Stunning scramble up Fiacaill an t-Sneachda in the Cairngorms
There are lots of ways up Cairn Gorm. Most are easy, but if you're looking for something a bit more edgy, there's a great scramble to be had.
Despite spending many hours in the Northern Corries, winter climbing and walking, I'd somehow missed out doing Fiacaill Coire an t-Sneachda – an easy ridge which gives way to an excellent, exposed scramble up Fiacaill Buttress.
A magnificent autumn day with sun, blue sky and little wind was the perfect opportunity to put matters right, and I arrived at the Coire Cas car park early, full of anticipation.
Instead of relying on goodwill alone, you are now faced with people asking if you'll pay a £2 “donation” on entry to the car park. I coughed up, and I must confess it's hard to refuse when someone's standing there – though she was very polite and wished me a good day on the hill.
The ridge I was aiming for separates two of the Northern Corries – Coire an t-Sneachda and Coire an Lochain. My route plan involved doing the scramble, heading up Cairn Gorm and descending Fiacaill a' Choire Chais.
The path into Coire an t-Sneachda is well made and makes for quick progress. From the north-western corner of the Coire Cas car park I followed the path to a junction, bearing left and climbing steadily towards the corrie, with views of my target ridge on the right.
The path reaches a crossing of the Allt Coire an t-Sneachda, where things get a little rougher. I left the main path and took a faint line towards the base of Fiacaill Coire an t-Sneachda over scrub and boulders.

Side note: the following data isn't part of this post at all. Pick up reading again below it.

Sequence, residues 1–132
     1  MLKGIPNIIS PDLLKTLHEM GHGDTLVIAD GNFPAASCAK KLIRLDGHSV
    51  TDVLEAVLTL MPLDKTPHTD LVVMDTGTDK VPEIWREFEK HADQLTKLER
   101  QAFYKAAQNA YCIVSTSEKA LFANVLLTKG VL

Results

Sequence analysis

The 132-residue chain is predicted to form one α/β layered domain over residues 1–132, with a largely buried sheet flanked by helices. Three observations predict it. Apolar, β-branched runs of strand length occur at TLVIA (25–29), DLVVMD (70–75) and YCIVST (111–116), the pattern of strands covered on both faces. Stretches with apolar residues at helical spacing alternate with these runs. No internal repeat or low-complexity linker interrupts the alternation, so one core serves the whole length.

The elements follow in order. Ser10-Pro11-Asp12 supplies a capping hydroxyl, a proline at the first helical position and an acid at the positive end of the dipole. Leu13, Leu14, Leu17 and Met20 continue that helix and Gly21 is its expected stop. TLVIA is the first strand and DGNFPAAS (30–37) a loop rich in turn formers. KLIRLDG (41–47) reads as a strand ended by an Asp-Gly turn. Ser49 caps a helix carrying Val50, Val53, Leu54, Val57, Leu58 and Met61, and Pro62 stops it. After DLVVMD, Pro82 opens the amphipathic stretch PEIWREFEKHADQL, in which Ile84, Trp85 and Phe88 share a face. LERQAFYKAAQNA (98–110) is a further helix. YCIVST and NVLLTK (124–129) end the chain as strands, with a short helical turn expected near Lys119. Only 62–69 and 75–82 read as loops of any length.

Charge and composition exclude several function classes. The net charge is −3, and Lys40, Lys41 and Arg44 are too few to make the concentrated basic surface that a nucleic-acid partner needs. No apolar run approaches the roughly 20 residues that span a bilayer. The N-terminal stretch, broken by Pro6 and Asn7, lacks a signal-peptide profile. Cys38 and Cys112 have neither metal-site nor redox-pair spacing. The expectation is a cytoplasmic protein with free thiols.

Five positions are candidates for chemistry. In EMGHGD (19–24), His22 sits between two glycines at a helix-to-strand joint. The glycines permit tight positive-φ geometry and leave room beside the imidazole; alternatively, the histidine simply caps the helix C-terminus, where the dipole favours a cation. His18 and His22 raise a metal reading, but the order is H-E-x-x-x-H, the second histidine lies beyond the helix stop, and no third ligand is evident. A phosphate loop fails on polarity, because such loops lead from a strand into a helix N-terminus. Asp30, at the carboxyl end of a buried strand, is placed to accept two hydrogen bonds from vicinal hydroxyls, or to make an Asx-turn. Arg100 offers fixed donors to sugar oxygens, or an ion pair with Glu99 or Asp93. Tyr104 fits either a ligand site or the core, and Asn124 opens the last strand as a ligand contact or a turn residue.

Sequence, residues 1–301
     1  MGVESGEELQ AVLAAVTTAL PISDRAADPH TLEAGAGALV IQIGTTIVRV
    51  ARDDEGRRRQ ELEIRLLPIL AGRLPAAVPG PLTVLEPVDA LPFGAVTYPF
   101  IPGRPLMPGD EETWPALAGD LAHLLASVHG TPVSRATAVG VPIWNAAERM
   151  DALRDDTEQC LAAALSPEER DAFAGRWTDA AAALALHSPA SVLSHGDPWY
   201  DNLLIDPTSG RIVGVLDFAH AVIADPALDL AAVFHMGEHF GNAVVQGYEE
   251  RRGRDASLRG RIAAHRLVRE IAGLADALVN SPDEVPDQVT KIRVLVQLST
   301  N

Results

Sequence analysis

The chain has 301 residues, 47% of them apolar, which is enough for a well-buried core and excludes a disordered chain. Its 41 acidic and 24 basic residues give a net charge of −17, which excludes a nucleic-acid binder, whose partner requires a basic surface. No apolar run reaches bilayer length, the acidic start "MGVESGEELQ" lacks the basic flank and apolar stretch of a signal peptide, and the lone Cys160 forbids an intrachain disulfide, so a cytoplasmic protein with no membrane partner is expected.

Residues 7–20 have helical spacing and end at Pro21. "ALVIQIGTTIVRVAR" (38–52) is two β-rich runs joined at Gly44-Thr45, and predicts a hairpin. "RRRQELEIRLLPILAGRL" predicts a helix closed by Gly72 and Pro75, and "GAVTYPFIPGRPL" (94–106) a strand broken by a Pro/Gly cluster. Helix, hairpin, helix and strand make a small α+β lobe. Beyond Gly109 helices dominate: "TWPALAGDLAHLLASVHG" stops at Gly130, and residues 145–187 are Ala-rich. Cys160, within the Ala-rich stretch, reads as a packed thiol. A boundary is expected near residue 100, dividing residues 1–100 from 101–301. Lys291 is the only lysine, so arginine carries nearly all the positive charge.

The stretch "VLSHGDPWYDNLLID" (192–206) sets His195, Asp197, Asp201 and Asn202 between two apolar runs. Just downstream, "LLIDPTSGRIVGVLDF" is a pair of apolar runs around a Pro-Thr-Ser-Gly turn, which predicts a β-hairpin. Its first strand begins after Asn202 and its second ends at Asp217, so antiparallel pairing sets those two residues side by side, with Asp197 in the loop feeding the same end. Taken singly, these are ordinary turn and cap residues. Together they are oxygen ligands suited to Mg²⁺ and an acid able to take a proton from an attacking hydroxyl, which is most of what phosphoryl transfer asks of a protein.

Once at the Fiacaill I found another indistinct path zigzagging up the steep slope to reach the top. I thought I might have been first man in, but I'd earlier spotted two figures already well ahead of me.
Once on the ridge a clear path leads up and over boulders marked with crampon scratches made by winter climbers. On such a clear day there were superb views all around for miles.
After some 500 metres of ascent the blocky buttress appears ahead. I'd brought a climbing helmet and now was the time to put it on before the harder stuff began. Many people wouldn't bother, but the professional advice is that it's better to play safe.
There's a short descent before the scramble begins in earnest. You can pick your own line, and as a general rule, left is harder, right is easier. I tested myself on the harder stuff and felt the full effects of exposure with Coire an t-Sneachda gaping below.
The comforting thing is that there's always a hand or foot hold and friction on the granite helps add to a feeling of security. Even so, a steady head and good balance are required.
The physical and mental enjoyment of the scramble kicked in as I wound my way up, searching for the next series of holds. Sometimes the way is obvious, at other times less so, but eventually the angle eases off and it's just a short walk to the top.
After a break I set off for Cairn Gorm, around two kilometres away over Stob Coire an t-Sneachda. Two young Frenchmen asked where Ben Macdui was and in pigeon French I pointed it out.
The same request came from two people heading off Cairn Gorm as I went up. I suppose it's because Ben Macdui is not as evident as some of the other high tops, appearing as a sort of rounded bulge in the landscape. Visibility today was excellent, but in mist, navigation skills up here are a must.
I settled down by the summit cairn on Cairn Gorm, sharing the top with people who had come up by other routes, and marvelled at wonderful scenery on such a glorious afternoon.
But with a show to see at Eden Court that evening, it was time to get going – first to the big cairn marking the top of Fiacaill a' Choire Chas, then down the stepped path of the ridge and through the ski ground back to the car park. What a day!
Fiacaill Coire an t-Sneachda
Distance 5 miles / 8km
Terrain Good hill paths and buttress scramble
Start/finish Coire Cas car park under Cairn Gorm
Maps OS Explorer 57, Cairn Gorm and Aviemore; OS Landranger 36
An adventurous outing for lovers of Cairngorms scrambling